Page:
The 'transpositions' for various countries are indicated below.

. Transpositions for England & Wales

. Transpositions for Scotland

. Transpositions for Republic of Ireland

. Transpositions for Northern Ireland

Transpositions for England & Wales

The Euroclass system permits wider and more comprehensive differentiation of products for their fire performance than the 'old' British Standard system. This makes it a welcome tool for specifiers.

Amendments 2002 to Approved Document B (Fire Safety) 2000 edition, were published in December 2002 - and applicable from 1 March 2003. The text is only concerned with transposition issues and does not amend the intended guidance.

The full document is available on or from the Stationery Office at by e-mail. It is envisaged that further amendments - for product use not yet covered - will be published when it becomes viable to do so and the amended guidance will subsequently be included in reprints of Approved Document B.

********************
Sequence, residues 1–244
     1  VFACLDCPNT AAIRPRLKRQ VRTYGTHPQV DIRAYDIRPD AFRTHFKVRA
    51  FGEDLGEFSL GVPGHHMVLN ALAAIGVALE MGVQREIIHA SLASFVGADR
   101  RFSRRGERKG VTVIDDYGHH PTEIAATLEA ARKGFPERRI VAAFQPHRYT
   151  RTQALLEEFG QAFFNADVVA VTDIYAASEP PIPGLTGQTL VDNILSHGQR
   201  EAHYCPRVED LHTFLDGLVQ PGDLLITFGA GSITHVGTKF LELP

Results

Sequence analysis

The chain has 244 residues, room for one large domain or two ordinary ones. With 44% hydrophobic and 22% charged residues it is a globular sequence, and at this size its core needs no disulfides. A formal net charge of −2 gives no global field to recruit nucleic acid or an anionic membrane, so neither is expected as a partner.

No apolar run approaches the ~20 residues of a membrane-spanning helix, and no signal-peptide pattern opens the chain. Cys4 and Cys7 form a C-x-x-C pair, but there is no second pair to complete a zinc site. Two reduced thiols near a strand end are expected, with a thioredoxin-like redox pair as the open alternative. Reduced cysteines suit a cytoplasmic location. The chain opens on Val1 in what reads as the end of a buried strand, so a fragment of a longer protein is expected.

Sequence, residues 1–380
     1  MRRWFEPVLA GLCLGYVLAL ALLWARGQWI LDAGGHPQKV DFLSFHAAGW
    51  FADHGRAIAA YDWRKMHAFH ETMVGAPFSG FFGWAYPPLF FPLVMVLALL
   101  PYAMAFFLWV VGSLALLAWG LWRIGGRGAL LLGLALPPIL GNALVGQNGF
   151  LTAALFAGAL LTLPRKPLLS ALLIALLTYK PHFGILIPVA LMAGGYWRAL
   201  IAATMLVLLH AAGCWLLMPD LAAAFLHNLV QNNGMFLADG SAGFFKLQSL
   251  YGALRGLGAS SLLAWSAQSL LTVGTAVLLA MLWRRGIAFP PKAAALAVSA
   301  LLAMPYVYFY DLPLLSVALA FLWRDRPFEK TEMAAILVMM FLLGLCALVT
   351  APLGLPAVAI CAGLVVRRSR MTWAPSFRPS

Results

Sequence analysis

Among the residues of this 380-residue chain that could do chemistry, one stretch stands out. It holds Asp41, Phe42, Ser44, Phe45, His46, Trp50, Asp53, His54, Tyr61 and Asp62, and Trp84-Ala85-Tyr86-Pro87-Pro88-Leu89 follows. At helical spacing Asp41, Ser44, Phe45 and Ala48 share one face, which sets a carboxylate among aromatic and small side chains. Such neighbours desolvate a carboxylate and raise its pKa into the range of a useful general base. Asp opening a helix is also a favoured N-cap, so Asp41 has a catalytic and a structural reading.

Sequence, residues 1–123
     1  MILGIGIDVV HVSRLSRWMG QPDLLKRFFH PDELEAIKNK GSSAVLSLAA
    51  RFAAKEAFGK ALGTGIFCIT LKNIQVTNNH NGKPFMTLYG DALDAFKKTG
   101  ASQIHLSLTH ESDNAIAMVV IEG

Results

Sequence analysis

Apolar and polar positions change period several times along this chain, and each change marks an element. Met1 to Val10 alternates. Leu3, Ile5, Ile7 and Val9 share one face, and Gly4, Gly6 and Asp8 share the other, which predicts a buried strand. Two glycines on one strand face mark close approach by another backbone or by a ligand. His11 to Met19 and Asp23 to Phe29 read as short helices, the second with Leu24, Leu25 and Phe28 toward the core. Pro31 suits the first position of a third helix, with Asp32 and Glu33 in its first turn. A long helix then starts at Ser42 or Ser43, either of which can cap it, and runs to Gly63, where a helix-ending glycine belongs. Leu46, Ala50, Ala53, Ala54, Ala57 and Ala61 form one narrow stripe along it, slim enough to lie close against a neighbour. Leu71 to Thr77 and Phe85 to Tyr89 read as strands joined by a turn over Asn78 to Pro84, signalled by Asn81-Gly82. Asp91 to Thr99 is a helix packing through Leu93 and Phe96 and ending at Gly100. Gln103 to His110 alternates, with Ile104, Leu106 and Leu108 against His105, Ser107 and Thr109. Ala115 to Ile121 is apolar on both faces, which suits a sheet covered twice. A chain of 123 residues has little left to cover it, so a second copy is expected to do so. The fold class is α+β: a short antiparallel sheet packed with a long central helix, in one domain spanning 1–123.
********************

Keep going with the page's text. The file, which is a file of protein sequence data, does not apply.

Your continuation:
In broad terms, the transpositions for Reaction to Fire can be summarised as:

British Standard

Transposition to Euroclasses

Non- combustible


or considered as A1 'without the need for further testing' as defined in Commission Decision 96/603/EC dated 4th October 1996.

Limited combustibility

A2 - s3,d2 or better

Class 0

B - s3,d2 or better

Class 1

C - s3,d2 or better

Class 3

D - s3,d2 or better


  1. When a Reaction to Fire classification includes 's3,d2' this means that there is no limit set for smoke production and/or flaming droplets/particles.